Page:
DID YOU KNOW? DTIC has over 3.5 million final reports on DoD funded research, development, test, and evaluation activities available to our registered users. Click HERE
to register or log in.
Fate of UDMH and MMH in Rats
Technical Report,01 Jun 1963,30 Jun 1964
OREGON STATE UNIV CORVALLIS CORVALLIS
Pagination or Media Count:
Many of the applications of hydrazines, especially as rocket propellants and in medicine, give them considerable toxicological importance. The respiratory and urinary excretion by rats of unsymmetrical dimethylhydrazine UDMH and monomethylhydrazine MMH and their metabolites has been studied by means of radiotracer techniques. At a very low dose, almost 30 of the C14 from i.p. administered UDMH-C14 appeared as respiratory C14O2 in 10 hours. At a convulsive dose, the conversion of UDMH-C14 to C14O2 amounted to slightly greater than 13 at the end of 20 hours. At all doses studied radioactivity appeared in the urine to the extent of at least 50 of the administered UDMH-C14, at the end of two days after administration. Rats administered MMH-C14 by i. p. injection at 20 of a median lethal dose respired approximately 45 of the administered radioactivity in 24 hours. The respired radioactivity consisted of at least two components 20-25 was C14O2, and the remainder was a C14 labeled volatile compound tentatively identified as methane-C14. At the sub-convulsive doses, 40 of the administered radioactivity in MMH-C14 was excreted in urine. At a toxic dose the percentage of urinary excretion of C14 decreased, but net molar excretion increased slightly. The design of an animal radiorespirometric system capable of continuously monitoring C14 in respiratory gases from separate animals is described.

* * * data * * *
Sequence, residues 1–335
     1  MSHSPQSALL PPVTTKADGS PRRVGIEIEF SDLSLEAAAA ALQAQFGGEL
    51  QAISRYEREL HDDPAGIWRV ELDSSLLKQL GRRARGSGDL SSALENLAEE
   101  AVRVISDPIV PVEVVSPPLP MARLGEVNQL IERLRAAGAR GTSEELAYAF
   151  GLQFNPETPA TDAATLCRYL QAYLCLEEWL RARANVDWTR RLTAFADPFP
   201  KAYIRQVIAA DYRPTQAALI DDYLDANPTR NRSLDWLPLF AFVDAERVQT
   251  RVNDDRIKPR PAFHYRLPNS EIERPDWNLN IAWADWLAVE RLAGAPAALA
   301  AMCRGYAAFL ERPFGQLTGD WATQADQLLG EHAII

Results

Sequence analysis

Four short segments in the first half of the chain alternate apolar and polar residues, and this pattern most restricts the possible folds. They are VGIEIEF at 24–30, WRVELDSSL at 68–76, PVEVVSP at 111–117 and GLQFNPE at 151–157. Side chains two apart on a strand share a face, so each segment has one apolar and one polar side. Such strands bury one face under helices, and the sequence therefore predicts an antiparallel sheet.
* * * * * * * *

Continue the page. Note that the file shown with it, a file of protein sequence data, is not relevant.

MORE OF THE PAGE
APPROVED FOR PUBLIC RELEASE